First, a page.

Hands on: Asus Transformer AiO P1801 review

A desktop/tablet hybrid; a tabtop?

What is a hands on review?
Asus Transformer AiO P1801

Early Verdict


  • +

    Two processors run both Windows 8 and Jelly Bean

  • +

    Tablet has built-in handle and stand


  • -

    Tablet is large and unwieldy on its own

  • -

    Somewhat impractical

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Asus killed it at CES this week with new products like the VivoTab Smart ME400C, the Google TV 3.0 Qube, and the Transformer AiO P1801.

The Transformer AiO is one of the most unique computers we at TechRadar have ever seen: a hybrid tablet and desktop with two separate processors.

But the strangeness doesn't end there: each of those processors runs a separate operating system, one Windows 8 and the other Android 4.1 Jelly Bean.

TechRadar spent a few minutes playing around with Asus's Transformer AiO at CES and checking out its rather unique functionality.

Two heads or one?

The Transformer AiO's base unit packs a third-gen Intel i5 or i7 processor, and it's where the Windows 8 magic takes place.

The screen is removable, though, and acts as a tablet when it's not on the base. The tablet portion carries its own Nvidia Tegra 3 and runs Jelly Bean.

Alternately, the Intel-powered base unit can stream Windows 8 over Wi-Fi to the tablet. So the tablet can really do either.

Each portion has its own storage, as well; the tablet has 8GB of eMMC while the base packs between 500GB and 2TB of hard drive space.

Asus Transformer AiO P1801 2

The tablet runs Jelly Bean

The tablet specs

The Transformer AiO also features up to 8GB of RAM and an unidentified discrete graphics chip using 1GB of virtual memory, all housed in the tablet.

So the tablet can run Jelly Bean totally separate from the base, while the base does nothing on its own - the tablet has to be docked or connected via Wi-Fi to take advantage of the base's Intel chip and kick into Windows 8 mode.

The AiO tablet itself is rather massive; an 18.4-inch 10-point multi-touch screen and 2.5kg of bulk make it rather unwieldy. It's more of a couch or kitchen table device than a carry-in-your-bag tablet.

That said, its 16:9 1080p IPS display is rather gorgeous in person.

It does feature a few nice usability quirks; a handle lies flush with the top of the tablet's backside and flips out when you need to lift it off or place it on the base unit. Likewise for a stand that makes it possible to prop the tablet up on its own.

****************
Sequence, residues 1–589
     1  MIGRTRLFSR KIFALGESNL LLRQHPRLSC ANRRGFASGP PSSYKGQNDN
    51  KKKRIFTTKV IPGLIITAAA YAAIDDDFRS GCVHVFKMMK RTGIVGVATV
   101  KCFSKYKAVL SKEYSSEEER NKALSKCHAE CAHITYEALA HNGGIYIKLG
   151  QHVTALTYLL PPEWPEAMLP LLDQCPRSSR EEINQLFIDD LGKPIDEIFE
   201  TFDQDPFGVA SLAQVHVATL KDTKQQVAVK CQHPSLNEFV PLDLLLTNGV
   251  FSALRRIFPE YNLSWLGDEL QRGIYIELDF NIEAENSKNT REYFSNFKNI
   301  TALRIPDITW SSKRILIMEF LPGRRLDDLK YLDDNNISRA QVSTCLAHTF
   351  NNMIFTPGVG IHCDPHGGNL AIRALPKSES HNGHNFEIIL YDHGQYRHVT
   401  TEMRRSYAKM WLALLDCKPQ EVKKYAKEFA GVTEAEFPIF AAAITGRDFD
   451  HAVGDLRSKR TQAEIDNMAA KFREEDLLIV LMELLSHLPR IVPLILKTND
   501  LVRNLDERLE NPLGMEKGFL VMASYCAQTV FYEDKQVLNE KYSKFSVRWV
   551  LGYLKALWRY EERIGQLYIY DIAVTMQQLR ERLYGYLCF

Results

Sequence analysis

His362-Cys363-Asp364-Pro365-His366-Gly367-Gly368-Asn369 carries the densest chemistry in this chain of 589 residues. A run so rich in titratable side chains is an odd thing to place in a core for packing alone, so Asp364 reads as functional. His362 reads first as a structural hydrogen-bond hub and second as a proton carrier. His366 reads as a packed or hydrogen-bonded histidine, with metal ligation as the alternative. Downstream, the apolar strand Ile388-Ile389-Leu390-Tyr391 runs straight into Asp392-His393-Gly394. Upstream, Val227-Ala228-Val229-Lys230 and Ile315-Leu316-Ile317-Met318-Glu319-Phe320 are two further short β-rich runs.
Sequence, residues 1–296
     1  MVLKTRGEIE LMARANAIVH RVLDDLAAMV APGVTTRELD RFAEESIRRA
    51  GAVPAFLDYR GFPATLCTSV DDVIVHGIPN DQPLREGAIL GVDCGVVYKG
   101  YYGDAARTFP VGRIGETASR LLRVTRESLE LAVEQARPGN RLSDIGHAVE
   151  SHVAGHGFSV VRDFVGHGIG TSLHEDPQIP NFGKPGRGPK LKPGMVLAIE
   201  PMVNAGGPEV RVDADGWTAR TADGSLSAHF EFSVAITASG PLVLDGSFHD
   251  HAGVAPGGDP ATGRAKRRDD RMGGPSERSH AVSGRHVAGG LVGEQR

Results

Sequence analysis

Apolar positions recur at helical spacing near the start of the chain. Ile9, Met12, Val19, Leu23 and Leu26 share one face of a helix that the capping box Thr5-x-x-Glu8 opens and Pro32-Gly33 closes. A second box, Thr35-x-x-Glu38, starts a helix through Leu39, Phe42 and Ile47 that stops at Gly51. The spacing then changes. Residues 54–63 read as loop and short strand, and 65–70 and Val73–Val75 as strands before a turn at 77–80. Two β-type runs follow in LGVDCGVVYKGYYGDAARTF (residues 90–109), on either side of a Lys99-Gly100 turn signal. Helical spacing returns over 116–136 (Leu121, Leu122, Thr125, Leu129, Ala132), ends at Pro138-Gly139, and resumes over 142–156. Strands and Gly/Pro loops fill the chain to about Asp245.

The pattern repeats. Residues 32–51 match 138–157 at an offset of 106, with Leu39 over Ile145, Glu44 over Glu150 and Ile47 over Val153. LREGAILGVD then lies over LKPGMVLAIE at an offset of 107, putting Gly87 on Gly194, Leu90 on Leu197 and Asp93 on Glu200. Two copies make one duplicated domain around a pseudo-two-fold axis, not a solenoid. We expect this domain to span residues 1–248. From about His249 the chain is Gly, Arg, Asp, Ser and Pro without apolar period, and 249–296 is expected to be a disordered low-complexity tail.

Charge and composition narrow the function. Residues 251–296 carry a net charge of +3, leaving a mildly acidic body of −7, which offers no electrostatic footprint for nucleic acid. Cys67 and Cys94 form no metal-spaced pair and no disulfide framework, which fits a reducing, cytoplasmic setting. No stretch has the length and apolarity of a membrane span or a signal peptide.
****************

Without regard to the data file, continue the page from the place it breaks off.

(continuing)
Asus Transformer AiO P1801 3

The Transformer AiO's included keyboard and mouse

And all the rest

The base is home to the DVD drive plus four USB ports, an MMC/SD/SDHC card slot, and more. The tablet itself carries its own set of connectors, including a card slot and miniUSB.

The included wireless Asus keyboard and mouse are functional, though not exactly anything to write home about. TechRadar experienced no issues using either accessory in both Windows 8 and Jelly Bean modes.

Early Verdict

The Transformer AiO is certainly an odd duck when it comes to hybrid computers, but with both Windows 8 and Jelly Bean running smoothly it could potentially replace a whole host of other devices in the home.

Many people are likely satisfied with just one OS per device, but we have no doubt that someone out there has been dreaming of something like Asus's Transformer AiO for some time.

Asus informed TechRadar that the Transformer AiO will be available in Q1 this year starting at $1,299 (UK£805, AU$1,232).

Michael Rougeau

Michael Rougeau is a former freelance news writer for TechRadar. Studying at Goldsmiths, University of London, and Northeastern University, Michael has bylines at Kotaku, 1UP, G4, Complex Magazine, Digital Trends, GamesRadar, GameSpot, IFC, Animal New York, @Gamer, Inside the Magic, Comic Book Resources, Zap2It, TabTimes, GameZone, Cheat Code Central, Gameshark, Gameranx, The Industry, Debonair Mag, Kombo, and others.

Micheal also spent time as the Games Editor for Playboy.com, and was the managing editor at GameSpot before becoming an Animal Care Manager for Wags and Walks.

What is a hands on review?

Hands on reviews' are a journalist's first impressions of a piece of kit based on spending some time with it. It may be just a few moments, or a few hours. The important thing is we have been able to play with it ourselves and can give you some sense of what it's like to use, even if it's only an embryonic view. For more information, see TechRadar's Reviews Guarantee.